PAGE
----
When the summer says goodbye and the days get longer, the Japanese anemone comes up again with a lush bloom. In autumn, you have again color in the garden, while most plants are slowly preparing for winter. Since the Japanese anemone is very long-lived – certain varieties bloom up to 35 years on the same location – you will enjoy this plant for a long time.
Profile of Japanese anemone:
Scientific name: Anemone hupehensis
Plant family: buttercup family
Other names: Chinese anemone, thimbleweed, windflower
Sowing time: spring
Planting time: spring
Flowering period: September to October
Location: sunny to partially shaded
Soil quality: nutritious and moist
These information are for temperate climate!
Use as a medicinal herb: –
Use as spice herb: –
Use in: borders, cottage garden, natural garden
Winter hardiness: hardy
Plant characteristics and classification of Japanese anemone
Origin and occurrence of Japanese anemone
The Japanese anemone comes from Central and Southwest China and Japan.
Over a hundred years ago, only the wild species of the anemone hupehensis, A. tomentosa and A. japonica, which belong to the Japanese anemones, were available in the nurseries. Today, numerous new varieties have been created by crossing the three game species.
Plant order of Japanese anemone
The Japanese anemones are part of the genus of anemones (anemone). However, it is not a single species, but a group of perennials. Like all anemones, they belong to the buttercup family (Ranunculacea).
Characteristics of Japanese anemone
The plant reaches a height of up to 50-90 cm (20 and 36 in) and is slightly hairy.
The leaves of the Japanese anemone are three-part, roughly serrated and deeply incised, with some varieties also less distinct.
From September to October, panicles with up to 15 flowers sprout from the long flower stems, which consist of 5, sometimes 6 petals. The flowers reach heights of 5-6 cm (2 to 2.4 in). The color palette ranges – depending on the variety – from white to pink to purple.
Japanese anemone – cultivation and care
It is best to plant the Japanese anemone in a partially shaded spot.
Japanese anemones are very durable and easy to care for. They prefer a soil that is a little loamy, humus and nutrient rich, because this is how splendid flowers can develop.
If you like, you can multiply anemones by sowing. For some species, this is found in the white fruit stands that form the plants in autumn. The dark seeds are removed from the fruit stands and kept dry and dark until spring. In spring, they can then be placed in pots filled with growing soil. For the first year it is better not to leave them outside in the winter, but only to be planted in the following spring. Important: The young plant must be protected from drought and blazing sun.
Anemone hupehensis should always be planted in spring. Then the roots have enough time to dig into the earth. Perennials planted in autumn rarely survive winter.
Japanese anemones multiply by themselves in the bed by runners. In order not to destroy them, you must not chop around the plant. If you want to plant runners in another place, you can do this with so-called root cuttings. Simply cut off the runners, preferably in spring, and plant them again.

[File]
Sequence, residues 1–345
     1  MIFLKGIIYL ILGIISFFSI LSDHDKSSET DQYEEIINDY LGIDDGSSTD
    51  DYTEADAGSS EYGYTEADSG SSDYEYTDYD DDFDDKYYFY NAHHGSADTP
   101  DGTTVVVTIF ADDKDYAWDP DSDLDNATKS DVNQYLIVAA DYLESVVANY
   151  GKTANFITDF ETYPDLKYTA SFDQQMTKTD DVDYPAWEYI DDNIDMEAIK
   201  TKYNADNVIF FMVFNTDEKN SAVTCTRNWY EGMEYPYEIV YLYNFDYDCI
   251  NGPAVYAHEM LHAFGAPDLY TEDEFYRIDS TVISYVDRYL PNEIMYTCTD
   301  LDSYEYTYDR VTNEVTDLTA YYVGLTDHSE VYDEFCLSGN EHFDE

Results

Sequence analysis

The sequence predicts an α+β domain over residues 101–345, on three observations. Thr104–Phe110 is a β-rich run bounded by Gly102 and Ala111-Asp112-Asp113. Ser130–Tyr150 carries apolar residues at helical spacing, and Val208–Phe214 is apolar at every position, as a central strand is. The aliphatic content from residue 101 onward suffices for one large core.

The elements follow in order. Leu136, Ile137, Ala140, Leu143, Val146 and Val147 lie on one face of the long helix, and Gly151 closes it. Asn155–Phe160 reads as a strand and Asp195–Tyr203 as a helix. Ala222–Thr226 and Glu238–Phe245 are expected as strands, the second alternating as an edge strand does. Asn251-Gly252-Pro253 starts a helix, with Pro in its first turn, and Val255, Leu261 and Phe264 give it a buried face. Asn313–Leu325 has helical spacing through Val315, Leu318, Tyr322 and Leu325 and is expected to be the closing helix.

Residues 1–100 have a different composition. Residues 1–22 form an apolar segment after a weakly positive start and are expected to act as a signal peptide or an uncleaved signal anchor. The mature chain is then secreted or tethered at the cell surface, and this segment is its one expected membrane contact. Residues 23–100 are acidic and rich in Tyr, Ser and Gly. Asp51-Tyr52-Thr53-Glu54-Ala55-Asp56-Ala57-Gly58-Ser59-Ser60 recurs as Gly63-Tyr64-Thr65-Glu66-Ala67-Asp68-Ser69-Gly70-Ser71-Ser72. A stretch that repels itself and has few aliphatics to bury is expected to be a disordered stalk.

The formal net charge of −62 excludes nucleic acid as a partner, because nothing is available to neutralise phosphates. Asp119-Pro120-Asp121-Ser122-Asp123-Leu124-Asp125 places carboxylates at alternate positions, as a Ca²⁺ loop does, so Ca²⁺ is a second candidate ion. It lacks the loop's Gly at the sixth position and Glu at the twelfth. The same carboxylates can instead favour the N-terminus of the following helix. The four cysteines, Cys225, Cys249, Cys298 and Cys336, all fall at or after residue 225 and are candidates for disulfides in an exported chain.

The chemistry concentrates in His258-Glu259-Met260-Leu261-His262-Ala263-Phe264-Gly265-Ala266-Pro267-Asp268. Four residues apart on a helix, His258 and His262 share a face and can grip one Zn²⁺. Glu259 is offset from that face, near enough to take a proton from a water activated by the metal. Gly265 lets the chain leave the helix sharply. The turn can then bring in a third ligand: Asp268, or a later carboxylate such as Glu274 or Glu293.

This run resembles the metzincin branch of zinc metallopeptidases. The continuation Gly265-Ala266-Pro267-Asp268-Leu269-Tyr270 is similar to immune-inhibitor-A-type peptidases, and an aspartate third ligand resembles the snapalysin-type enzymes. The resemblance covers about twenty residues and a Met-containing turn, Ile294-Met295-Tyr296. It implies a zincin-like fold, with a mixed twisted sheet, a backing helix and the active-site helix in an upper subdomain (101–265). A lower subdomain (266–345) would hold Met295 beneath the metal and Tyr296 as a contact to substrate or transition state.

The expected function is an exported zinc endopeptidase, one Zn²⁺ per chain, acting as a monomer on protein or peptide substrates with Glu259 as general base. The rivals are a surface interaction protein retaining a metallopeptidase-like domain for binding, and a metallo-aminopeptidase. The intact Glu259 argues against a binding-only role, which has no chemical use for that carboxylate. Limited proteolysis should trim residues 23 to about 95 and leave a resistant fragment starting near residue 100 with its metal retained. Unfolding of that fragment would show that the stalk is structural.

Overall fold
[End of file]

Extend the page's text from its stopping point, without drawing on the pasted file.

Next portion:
It is important that the soil is evenly moist and does not dry out so quickly, even in hot summers. Avoid waterlogging, otherwise it will easily rot.
Thimbleweed can cope with slightly nutrient-rich soils. Put some mature compost in the planting holes before planting. In spring you can also rake some compost into the soil.
Anyone who removes faded flowers regularly from Anemone hupehensis extends the flowering period. The main pruning should only be done in spring for all anemones.
Regular pruning of the plant in autumn is not mandatory, but quite possible. Provided that you do not attach importance to your autumn anemone ornamental in cold winters, spherical seed stalks. However, experience has shown that the dead stems quickly become mushy by spring. If you cut the plant close to the ground in the fall, you should put some spruce branches over it as frost protection in areas with cold winters or in harsh locations.
If you have not already cut the dead stems and seed heads of your fall anemone in the fall, there is time to do so in early spring beginning in late February or early March. By this time, the perennial’s stems are completely frozen and muddy after wet winters. Therefore, simply cap the above-ground parts of the plant a hand width above the ground.
Just give your autumn anemone enough water and nutrients – it will thank you with a lush bloom. In autumn, you should cut them back after flowering and protect them against the winter cold with a – not too thick – compost blanket.
Diseases and pests
Diseases or parasites are hardly an issue for Chinese anemones. Nematodes can cause damage to some varieties. Watery, yellowish spots on the leaves indicate an infestation. You should dispose of infected plants and change their location when planting.
Winter protection with autumn leaves is only recommended after flowering in very cold locations. If severe frost threatens, it is also advisable to cover the root area with spruce twigs.
Use in the garden
Chinese anemones can be easily combined with other perennials – there are no limits. Dream couples are created especially with high-contrast bed partners. The bright white autumn anemone, for example, can be combined well with the bright red colored foliage of the azalea. The pretty verbena (Verbena bonariensis) forms a fine, flower-rich network, which winds its flowers and stems around the anemone.